4 doctors weighed in:

Are thyroid nodules always thyroid cancer? I have a thyroid nodule and my levels of some thyroid hormone are low. My doctor wants to do more tests, but i don’t really understand what he said. Do I have cancer, or could it be something else?

4 doctors weighed in
Dr. Molly Carlson
Internal Medicine - Endocrinology
2 doctors agree

In brief: Over

Over 95% of thyroid nodules are benign.
Therefore the risk of cancer is low, but can be increased in younger or older people, people with a family history of thyroid cancer, or people who have been exposed to radiation (x-rays do not count). Sometimes benign thyroid nodules can secrete extra thyroid hormone, more than your body needs. If your doctor is suspicious of this, they will order a nuclear study called a thyroid uptake and scan. If a nodule is over a centimeter, that is when we usually will perform a fine needle aspiration to get a sample of cells in the nodule. If nodules are under a centimeter and there is no evidence of over activity, we can simply monitor with serial ultrasounds.

In brief: Over

Over 95% of thyroid nodules are benign.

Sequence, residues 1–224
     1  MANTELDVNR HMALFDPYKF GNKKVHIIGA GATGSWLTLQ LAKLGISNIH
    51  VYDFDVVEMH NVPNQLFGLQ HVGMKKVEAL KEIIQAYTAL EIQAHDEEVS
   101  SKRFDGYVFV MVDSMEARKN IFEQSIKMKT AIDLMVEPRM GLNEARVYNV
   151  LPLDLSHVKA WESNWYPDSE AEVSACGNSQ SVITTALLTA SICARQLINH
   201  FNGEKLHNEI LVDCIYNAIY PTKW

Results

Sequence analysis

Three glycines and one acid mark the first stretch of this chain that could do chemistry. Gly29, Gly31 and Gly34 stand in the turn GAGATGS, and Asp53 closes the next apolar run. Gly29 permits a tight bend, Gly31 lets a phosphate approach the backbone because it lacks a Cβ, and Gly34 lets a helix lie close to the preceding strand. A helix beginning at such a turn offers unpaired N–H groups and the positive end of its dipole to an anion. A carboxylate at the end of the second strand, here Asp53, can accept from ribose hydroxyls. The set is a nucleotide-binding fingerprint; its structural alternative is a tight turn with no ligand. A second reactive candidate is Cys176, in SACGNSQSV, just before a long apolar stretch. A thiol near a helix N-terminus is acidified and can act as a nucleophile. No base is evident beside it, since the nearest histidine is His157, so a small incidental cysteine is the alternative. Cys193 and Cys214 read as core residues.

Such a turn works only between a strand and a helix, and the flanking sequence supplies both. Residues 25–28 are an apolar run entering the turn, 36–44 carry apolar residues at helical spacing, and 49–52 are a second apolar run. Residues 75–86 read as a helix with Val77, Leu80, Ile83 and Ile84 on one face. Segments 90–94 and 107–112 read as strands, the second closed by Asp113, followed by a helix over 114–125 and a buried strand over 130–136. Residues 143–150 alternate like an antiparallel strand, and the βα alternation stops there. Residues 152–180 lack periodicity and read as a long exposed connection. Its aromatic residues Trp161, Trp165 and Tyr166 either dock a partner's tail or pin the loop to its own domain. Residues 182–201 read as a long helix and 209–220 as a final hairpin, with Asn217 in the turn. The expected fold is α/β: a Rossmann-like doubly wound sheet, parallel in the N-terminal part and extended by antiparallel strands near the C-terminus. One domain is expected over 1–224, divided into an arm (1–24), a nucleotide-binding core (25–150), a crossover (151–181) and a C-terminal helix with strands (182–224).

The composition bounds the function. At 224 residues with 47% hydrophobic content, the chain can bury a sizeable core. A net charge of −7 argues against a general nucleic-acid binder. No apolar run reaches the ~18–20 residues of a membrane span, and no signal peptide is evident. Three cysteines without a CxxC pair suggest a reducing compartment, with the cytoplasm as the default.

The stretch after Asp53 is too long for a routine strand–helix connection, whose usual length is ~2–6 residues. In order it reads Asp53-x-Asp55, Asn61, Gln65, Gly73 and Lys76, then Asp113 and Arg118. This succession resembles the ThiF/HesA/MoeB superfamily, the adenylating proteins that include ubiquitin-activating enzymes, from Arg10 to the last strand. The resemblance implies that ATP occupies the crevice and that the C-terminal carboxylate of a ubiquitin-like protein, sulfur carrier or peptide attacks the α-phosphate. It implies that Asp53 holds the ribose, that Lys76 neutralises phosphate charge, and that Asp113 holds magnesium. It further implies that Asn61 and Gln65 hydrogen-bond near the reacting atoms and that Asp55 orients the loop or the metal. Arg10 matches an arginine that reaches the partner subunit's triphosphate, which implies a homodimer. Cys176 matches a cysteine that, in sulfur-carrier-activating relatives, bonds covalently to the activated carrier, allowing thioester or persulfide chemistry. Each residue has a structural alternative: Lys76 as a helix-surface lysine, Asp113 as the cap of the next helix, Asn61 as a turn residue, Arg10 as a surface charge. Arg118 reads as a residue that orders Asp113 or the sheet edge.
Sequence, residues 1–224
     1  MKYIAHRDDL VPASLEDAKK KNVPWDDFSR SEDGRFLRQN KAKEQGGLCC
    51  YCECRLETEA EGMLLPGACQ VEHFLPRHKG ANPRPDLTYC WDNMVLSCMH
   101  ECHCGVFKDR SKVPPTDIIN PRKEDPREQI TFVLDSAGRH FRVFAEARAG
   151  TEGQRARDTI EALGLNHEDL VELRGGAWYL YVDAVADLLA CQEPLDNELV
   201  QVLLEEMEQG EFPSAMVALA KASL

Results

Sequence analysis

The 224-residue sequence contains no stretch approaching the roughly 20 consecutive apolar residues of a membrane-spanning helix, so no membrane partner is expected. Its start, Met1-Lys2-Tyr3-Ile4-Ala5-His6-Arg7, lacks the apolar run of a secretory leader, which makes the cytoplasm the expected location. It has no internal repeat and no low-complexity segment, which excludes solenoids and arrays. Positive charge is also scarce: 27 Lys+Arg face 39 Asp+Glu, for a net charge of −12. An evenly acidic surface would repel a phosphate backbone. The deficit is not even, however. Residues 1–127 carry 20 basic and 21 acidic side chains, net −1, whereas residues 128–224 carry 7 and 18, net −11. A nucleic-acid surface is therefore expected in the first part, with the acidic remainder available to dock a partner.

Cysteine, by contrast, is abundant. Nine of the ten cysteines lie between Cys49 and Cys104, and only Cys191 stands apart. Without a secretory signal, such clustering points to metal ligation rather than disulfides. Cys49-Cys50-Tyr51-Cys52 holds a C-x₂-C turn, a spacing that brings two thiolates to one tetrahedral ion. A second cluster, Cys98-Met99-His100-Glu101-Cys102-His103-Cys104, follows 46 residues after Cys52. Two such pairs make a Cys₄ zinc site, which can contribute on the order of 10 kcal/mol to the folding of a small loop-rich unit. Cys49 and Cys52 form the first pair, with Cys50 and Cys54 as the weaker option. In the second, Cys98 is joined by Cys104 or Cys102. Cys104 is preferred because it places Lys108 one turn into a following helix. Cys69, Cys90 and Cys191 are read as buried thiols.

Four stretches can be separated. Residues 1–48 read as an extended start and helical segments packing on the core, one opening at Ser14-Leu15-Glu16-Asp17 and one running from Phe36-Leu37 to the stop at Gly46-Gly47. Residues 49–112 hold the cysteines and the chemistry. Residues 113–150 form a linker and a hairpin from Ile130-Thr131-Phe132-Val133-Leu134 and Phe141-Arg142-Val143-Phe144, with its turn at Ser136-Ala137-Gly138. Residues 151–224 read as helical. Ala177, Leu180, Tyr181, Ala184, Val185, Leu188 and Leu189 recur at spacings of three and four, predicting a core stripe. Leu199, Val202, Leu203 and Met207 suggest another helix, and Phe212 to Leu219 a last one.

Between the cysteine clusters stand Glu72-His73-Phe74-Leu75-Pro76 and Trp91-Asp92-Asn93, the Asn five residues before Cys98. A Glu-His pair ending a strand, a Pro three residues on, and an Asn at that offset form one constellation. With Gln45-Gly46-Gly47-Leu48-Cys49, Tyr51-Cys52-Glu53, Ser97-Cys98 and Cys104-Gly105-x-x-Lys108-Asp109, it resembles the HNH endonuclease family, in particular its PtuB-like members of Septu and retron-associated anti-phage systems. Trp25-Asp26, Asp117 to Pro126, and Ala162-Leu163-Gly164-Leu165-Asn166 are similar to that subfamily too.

Therefore the risk of cancer is low, but can be increased in younger or older people, people with a family history of thyroid cancer, or people who have been exposed to radiation (x-rays do not count). Sometimes benign thyroid nodules can secrete extra thyroid hormone, more than your body needs. If your doctor is suspicious of this, they will order a nuclear study called a thyroid uptake and scan. If a nodule is over a centimeter, that is when we usually will perform a fine needle aspiration to get a sample of cells in the nodule. If nodules are under a centimeter and there is no evidence of over activity, we can simply monitor with serial ultrasounds.
Dr. Molly Carlson
Dr. Molly Carlson
Thank
Dr. Chad Levitt
Radiation Oncology

In brief: No.

There are many things that can cause this most of which are benign.
Bloodworm and an ultrasound and rarely a small biopsy can answer specifically what your cause is. Most are benign in nature.

In brief: No.

There are many things that can cause this most of which are benign.
Bloodworm and an ultrasound and rarely a small biopsy can answer specifically what your cause is. Most are benign in nature.
Dr. Chad Levitt
Dr. Chad Levitt
Thank
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